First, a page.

Researchers at the March of Dimes Prematurity Research Center at Imperial College London have developed a testing device that may help advance diagnosis and treatment of preterm birth. A study, published in Nature Communications, finds that the device can rapidly and accurately detect changes in vaginal bacteria and corresponding immune responses in pregnant women, which are associated with increased risk of preterm birth. This cost-effective test could facilitate faster clinical decision making and help improve targeted treatment strategies during pregnancy.
Preterm birth remains a major cause of death worldwide in children under age five. One of the many factors that contribute to a woman’s risk of preterm birth is changes during pregnancy to the type and amounts of microbes in the lower reproductive tract, referred to as the vaginal microbiome. In some women, certain bacteria from the microbiome can cause inflammation leading to an increased risk of preterm birth.
This new testing device called direct-on-swab metabolic profiling by desorption electrospray ionization mass spectrometry (DESI-MS), rapidly analyzes chemicals in a clinical swab to simultaneously determine the type of bacteria in the vagina, and corresponding immune or inflammatory response to the bacteria. This two-minute test was found to be just as effective as “gold standard” chemical profiling tests (e.g. liquid chromatography-mass spectrometry assays) that require detailed sample preparation and extraction making them more time consuming (up to eight hours per assay), costly and difficult to introduce into routine bedside testing. The ability to monitor the vaginal microbiome and inflammation throughout pregnancy with DESI-MS could help identify women at risk of preterm birth sooner, potentially allowing obstetricians to monitor these women more closely and start preventative treatments earlier and in a more targeted way than currently possible.
“This test is groundbreaking for March of Dimes and an example of how our Prematurity Research Centers are working toward ending the preterm birth crisis for moms and babies, especially in communities of color, where a woman is twice as likely to give birth preterm,” says Stacey D. Stewart, president and CEO of March of Dimes. “Furthermore, this innovative test will be able to help empower pregnant women with information that supports a full term, healthy pregnancy.”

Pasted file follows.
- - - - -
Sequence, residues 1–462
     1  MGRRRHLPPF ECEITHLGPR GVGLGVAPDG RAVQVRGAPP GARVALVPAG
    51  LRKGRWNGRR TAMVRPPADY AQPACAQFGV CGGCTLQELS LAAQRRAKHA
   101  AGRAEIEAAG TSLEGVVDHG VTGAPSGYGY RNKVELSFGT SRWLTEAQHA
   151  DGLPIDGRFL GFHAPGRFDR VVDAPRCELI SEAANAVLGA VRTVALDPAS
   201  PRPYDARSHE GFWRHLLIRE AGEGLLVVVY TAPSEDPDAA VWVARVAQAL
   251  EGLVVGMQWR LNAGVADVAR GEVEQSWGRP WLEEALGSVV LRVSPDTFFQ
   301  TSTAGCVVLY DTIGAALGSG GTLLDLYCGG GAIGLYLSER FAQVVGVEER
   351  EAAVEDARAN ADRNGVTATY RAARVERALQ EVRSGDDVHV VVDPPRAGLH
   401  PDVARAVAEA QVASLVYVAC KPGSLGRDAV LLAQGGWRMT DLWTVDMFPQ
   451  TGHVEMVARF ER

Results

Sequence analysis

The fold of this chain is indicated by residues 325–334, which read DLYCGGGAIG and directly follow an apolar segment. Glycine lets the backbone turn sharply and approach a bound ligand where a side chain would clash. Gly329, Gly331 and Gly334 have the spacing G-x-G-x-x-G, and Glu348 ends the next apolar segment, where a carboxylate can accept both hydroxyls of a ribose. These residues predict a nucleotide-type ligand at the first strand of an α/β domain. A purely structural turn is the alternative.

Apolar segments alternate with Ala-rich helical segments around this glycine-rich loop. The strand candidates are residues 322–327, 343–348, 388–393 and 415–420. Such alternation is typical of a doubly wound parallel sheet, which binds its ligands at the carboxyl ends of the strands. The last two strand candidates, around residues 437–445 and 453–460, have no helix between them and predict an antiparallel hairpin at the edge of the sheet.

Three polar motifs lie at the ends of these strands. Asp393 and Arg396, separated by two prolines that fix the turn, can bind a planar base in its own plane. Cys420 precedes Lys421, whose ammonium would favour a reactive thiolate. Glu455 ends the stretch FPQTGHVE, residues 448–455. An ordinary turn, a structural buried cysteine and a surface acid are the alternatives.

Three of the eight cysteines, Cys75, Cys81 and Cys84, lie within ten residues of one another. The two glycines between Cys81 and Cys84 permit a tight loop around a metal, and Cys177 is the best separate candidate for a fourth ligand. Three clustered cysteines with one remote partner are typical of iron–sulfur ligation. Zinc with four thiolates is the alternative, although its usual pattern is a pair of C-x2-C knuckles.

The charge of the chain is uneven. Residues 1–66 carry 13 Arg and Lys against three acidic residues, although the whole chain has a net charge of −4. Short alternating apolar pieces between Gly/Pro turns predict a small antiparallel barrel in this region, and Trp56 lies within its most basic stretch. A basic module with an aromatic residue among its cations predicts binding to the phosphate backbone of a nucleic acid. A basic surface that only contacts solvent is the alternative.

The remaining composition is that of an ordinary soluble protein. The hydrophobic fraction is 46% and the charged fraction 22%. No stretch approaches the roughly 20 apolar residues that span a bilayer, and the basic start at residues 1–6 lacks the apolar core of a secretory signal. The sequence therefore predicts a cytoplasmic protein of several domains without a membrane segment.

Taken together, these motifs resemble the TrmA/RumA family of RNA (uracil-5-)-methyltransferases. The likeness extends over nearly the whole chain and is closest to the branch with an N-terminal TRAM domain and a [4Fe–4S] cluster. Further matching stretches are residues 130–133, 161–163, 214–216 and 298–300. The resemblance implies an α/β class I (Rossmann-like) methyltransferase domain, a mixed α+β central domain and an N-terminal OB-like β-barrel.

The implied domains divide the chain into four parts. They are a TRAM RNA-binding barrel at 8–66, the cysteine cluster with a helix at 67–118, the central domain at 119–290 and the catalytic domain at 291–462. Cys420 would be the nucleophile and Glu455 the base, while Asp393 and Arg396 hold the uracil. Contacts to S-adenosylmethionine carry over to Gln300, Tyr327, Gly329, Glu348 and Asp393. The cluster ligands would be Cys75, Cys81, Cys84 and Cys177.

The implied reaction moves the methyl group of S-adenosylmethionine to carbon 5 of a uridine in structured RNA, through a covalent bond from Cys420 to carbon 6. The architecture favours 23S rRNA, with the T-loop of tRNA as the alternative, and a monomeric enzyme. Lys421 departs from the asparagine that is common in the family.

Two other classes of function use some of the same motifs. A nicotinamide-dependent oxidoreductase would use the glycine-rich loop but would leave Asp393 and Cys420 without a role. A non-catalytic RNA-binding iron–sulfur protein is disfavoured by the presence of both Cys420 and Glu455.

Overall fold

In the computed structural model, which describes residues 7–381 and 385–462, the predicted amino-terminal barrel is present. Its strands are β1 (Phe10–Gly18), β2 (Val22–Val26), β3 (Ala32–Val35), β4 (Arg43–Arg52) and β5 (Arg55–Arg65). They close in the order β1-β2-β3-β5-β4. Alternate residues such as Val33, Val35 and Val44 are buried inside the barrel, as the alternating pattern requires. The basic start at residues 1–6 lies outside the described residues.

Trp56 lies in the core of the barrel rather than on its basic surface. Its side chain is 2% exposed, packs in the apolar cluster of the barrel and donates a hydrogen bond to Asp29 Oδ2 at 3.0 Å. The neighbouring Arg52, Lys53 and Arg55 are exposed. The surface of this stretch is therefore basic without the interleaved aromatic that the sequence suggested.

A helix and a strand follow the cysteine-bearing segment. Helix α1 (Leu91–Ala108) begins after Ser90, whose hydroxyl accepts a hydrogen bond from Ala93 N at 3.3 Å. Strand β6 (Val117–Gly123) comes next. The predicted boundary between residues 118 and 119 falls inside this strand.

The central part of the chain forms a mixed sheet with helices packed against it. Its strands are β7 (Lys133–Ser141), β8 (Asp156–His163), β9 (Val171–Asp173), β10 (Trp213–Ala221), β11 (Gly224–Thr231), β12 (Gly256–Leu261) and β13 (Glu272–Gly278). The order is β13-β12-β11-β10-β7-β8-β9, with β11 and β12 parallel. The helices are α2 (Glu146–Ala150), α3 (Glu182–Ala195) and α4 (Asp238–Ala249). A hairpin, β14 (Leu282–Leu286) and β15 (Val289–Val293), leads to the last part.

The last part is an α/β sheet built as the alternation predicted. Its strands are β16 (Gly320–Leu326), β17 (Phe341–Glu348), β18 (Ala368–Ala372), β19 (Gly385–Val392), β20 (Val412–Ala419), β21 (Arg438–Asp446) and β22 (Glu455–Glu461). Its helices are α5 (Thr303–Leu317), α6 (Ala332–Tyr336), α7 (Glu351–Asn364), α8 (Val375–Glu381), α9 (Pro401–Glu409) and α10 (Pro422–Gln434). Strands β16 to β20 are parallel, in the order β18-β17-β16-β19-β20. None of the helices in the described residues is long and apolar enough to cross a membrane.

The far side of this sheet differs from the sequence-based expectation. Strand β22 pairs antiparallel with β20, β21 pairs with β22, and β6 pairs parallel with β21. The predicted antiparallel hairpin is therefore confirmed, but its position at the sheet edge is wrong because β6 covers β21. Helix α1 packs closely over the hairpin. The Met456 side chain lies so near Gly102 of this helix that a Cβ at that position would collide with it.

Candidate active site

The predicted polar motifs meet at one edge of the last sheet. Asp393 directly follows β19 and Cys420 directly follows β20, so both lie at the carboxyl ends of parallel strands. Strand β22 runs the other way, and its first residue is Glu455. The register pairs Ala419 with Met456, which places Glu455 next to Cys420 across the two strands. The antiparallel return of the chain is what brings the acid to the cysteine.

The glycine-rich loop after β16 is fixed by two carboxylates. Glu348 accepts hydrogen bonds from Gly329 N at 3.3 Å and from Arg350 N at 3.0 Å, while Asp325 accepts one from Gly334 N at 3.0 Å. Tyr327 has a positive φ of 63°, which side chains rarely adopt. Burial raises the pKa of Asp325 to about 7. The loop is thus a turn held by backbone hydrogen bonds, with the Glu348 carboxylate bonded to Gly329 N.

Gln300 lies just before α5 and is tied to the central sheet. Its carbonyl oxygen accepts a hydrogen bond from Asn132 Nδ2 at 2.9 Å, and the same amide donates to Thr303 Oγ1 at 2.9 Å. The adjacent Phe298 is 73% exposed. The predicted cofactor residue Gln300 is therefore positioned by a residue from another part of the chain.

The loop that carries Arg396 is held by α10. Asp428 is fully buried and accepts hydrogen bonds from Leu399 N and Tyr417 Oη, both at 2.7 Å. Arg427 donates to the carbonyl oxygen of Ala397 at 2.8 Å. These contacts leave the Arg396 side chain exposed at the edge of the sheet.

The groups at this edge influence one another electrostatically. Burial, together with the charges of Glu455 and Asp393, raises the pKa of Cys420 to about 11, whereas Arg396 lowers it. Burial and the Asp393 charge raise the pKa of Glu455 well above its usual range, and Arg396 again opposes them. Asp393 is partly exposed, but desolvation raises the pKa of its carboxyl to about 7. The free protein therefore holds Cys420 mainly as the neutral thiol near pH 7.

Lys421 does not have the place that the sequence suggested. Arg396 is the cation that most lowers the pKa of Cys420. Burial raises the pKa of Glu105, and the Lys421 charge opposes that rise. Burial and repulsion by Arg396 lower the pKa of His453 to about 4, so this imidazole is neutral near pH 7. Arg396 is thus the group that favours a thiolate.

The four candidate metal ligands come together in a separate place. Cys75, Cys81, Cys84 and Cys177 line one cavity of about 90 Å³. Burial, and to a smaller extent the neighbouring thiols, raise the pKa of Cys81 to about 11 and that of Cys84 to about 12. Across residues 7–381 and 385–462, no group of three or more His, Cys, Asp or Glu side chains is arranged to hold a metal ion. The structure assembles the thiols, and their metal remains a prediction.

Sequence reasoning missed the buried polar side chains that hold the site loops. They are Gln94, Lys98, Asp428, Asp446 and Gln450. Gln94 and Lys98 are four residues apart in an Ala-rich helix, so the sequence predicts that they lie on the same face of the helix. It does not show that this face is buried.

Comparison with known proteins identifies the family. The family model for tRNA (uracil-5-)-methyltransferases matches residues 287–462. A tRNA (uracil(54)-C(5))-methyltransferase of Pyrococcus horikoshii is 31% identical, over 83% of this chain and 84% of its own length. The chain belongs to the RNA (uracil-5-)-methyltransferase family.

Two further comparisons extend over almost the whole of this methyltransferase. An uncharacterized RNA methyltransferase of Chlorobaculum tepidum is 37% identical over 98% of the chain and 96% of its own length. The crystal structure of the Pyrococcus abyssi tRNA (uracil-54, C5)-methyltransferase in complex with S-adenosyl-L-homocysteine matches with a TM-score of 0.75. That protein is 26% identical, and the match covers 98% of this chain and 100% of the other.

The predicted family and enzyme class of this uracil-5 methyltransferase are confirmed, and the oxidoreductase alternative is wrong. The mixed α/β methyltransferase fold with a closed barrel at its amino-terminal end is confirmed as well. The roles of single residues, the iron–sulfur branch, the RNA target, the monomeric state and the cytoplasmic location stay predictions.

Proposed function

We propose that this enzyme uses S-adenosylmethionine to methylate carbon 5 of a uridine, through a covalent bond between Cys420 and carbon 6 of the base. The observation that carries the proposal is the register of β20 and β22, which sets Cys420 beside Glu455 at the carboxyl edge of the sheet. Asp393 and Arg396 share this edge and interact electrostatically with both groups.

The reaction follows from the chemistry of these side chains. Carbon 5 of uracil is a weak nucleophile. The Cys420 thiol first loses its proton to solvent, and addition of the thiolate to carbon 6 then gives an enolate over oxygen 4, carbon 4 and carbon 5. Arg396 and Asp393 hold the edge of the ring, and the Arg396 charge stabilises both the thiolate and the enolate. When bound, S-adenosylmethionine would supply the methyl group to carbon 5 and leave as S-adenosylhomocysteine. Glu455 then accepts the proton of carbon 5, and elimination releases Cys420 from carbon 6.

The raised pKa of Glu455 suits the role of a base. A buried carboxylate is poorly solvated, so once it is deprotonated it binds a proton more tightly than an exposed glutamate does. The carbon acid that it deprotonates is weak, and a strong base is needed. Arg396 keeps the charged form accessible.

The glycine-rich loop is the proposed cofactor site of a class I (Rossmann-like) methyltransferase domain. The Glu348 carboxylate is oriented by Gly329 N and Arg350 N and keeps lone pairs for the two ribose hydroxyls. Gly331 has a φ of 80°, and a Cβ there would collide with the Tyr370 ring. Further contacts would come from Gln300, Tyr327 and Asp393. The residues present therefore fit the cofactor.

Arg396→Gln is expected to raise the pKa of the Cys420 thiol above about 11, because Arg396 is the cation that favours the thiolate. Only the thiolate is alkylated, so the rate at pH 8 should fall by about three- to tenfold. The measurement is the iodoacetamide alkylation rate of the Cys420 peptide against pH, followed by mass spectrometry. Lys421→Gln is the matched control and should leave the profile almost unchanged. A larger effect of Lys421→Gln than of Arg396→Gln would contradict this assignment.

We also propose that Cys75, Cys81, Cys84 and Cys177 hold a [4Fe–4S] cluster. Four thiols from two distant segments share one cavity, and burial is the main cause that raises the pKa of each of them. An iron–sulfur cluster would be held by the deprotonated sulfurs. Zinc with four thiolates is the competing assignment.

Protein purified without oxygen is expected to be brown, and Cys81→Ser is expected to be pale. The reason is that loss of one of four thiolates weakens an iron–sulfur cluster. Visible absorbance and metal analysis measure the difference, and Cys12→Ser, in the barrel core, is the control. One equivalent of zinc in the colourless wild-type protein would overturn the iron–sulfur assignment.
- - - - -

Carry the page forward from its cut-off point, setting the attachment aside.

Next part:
Imperial College London researchers tested the direct-on-swab DESI-MS device by analyzing more than 1,000 samples collected from two independent groups of pregnant women (about 400 women in total) in the United Kingdom. The data found that women who had changing and diverse vaginal microbiomes (those that contained many different bacteria or had bacteria that changed during pregnancy) had higher rates of preterm birth and were more likely to have increased inflammation. The test also detected inflammation caused by some treatments received during pregnancy (e.g. a stitch put into the cervix for “cervical cerclage” treatment). This inflammation was most frequently observed in women subsequently experiencing preterm birth.
The device may have broader application to other areas of women’s health where the vaginal microbiome has been implicated, including bacterial vaginosis, HIV and HPV infection, cervical dysplasia, IVF failure and miscarriage. Researchers now plan to register the technology and seek regulatory approval for its use in the U.K. and Europe and, eventually, in North America. They also are planning development of a miniature version of the test that can be used more widely in clinics and would allow for bedside testing.
“We’ve known for some time that the vaginal microbiome can contribute to the risk of preterm birth, but now we have developed a device which in just a few minutes can report both the microbiome composition and inflammatory status of a sample collected during pregnancy,” says David MacIntyre, PhD, reader in Reproductive Systems Medicine, Institute of Reproductive and Developmental Biology Department of Metabolism, Digestion, and Reproduction at Imperial College London. “This is the first rapid testing device of its kind and could be readily transferred to use in a clinical setting. This information could be used by doctors and patients to monitor risk of preterm birth but also to help optimize treatments, such as more selective use of antibiotics.”
Professor Phillip Bennett, MD, PhD, from the Department of Metabolism, Digestion and Reproduction at Imperial College London adds that “an unhealthy microbiome is an important cause of preterm birth that, currently, we have no way of diagnosing or treating. The introduction of this test into research studies, and into clinical practice should have a dramatic effect on our ability to prevent these preterm births, and could have wider applications in other areas such as miscarriage and prevention of cervical cancer.”
March of Dimes, the infant and maternal health leader, is dedicated to advancing knowledge and solutions for preterm birth. It has five Prematurity Research Centers located in hospitals, medical centers and universities across the U.S. and London advancing this critical research. Each Prematurity Research Center pursues a set of research themes and their findings inform and amplify the work of the other centers. Additionally, their data are shared with the broader scientific community through a data repository to help move the entire field forward together. At Imperial College London, research is highlighting the important role of the reproductive tract microbiome in shaping preterm birth risk and other pregnancy outcomes.